Synthesis and Sound Design - Various Types screen shows the macbeth semi modular synthesizer


Does what it says on the tin. By adding one or more basic and simple waveforms together and their harmonics you create a complex waveform. However, you need to add an enormous amount of harmonics to create the simplest of sounds and this type of synthesis can be complicated to create in the form of a synthesizer but the Kawai K5000 does exactly that. You can create extremely rich textures or wild and crazy sounds on this beast. Personally, I love additive synthesis but then again I am receiving very intense therapy. The process of additive synthesis is also referred to as summing the waveforms and harmonics. This method adopts Fourier analysis. Described as the representation of a sound’s frequency components as a sum of pure sinusoidal waves. An analysis of a sound’s frequency components is taken at a steady state to give an approximation of that sounds spectrum. As most natural sounds are spectrally dynamic, one single Fourier analysis could not possibly represent a sound in sine waves. By ‘windowing’, a Fast Fourier Transform (FFT) takes several of these approximations and strings them together to better predict a sound’s spectrum over time. Although this is daunting to take in it is crucial to know and I don’t expect you to understand Fourier analysis but just thought I would bring it in now as we will come back to this at the advanced stages of these tutorials.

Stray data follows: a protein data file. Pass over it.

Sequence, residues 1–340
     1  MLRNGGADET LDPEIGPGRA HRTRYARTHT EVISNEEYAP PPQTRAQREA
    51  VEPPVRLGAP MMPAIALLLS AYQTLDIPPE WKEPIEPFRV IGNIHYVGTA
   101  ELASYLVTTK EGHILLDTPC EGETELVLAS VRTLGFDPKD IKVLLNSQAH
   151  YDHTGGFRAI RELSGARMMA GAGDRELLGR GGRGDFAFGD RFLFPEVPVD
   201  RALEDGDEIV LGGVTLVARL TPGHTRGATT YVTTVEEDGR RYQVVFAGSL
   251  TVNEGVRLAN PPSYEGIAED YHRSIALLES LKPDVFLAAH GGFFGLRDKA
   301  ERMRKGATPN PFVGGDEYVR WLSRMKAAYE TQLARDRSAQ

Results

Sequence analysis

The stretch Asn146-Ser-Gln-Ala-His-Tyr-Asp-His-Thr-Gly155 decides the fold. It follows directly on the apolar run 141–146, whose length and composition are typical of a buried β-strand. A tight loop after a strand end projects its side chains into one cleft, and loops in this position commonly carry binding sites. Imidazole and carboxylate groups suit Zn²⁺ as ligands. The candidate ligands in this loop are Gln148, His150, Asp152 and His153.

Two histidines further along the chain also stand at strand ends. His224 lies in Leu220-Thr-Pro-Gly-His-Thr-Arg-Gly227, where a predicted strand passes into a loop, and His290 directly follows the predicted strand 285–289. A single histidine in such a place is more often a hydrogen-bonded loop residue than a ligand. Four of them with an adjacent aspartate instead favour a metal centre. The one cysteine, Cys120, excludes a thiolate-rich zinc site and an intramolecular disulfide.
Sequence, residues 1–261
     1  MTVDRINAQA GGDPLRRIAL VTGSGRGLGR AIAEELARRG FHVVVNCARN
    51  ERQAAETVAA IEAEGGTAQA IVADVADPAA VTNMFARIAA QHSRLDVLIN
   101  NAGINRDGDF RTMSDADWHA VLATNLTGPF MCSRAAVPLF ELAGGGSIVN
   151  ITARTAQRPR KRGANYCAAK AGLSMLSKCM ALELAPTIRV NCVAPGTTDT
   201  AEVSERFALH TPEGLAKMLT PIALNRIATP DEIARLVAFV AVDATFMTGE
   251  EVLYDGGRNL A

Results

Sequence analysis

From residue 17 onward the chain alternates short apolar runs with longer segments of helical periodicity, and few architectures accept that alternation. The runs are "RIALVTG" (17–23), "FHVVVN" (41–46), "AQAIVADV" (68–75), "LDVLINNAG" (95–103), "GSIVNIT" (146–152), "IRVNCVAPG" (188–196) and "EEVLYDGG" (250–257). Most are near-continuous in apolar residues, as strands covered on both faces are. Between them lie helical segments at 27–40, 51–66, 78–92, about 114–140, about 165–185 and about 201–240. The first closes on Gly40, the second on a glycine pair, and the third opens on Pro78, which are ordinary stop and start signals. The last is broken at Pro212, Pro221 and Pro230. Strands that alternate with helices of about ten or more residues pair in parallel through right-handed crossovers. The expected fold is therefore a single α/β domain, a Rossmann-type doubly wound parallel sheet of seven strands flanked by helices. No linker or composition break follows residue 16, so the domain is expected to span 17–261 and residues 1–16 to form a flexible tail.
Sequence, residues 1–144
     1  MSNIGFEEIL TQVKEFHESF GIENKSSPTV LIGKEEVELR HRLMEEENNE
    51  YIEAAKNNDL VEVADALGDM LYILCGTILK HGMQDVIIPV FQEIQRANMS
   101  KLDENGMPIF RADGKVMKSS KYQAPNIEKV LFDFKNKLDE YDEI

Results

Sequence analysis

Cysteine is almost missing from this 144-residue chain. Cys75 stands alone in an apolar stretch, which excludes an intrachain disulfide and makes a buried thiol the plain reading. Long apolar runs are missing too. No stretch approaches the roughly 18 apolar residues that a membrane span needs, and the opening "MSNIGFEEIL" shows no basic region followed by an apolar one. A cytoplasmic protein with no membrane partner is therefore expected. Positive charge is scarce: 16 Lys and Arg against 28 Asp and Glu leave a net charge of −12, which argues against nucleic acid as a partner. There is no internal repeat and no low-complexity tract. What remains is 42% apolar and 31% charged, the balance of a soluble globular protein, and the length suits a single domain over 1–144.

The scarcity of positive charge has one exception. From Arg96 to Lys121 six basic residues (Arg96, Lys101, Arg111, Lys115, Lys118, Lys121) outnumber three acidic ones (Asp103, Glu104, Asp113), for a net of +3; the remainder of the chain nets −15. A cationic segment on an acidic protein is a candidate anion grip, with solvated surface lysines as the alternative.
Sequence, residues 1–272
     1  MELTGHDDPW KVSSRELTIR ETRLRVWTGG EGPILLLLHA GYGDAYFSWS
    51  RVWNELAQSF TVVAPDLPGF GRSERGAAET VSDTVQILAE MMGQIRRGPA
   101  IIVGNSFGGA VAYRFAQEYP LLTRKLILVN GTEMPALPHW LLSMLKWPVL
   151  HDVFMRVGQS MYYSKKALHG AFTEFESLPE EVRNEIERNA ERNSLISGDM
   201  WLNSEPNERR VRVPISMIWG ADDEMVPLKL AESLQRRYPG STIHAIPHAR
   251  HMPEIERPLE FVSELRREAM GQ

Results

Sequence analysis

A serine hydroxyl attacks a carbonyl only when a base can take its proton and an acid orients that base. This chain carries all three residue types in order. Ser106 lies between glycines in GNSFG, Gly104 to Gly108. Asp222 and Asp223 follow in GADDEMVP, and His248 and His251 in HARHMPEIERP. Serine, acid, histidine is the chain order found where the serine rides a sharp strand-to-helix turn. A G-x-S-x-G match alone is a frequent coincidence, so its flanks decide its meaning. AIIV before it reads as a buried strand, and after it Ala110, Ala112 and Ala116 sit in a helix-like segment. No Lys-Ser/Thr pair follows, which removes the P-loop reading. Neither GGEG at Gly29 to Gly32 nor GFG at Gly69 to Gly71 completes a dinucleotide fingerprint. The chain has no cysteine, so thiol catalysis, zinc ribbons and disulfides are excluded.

This process involves the generating of complex waveforms and then filtering the frequencies so that you are then left with the sound you want. You take away the frequencies. Obviously the filters are crucial in subtractive synthesis and the better the filters and the wider the choice of filters available, the better the end result will be. When I teach students I find Subtractive Synthesis to be the easiest and most logical introduction to sound design.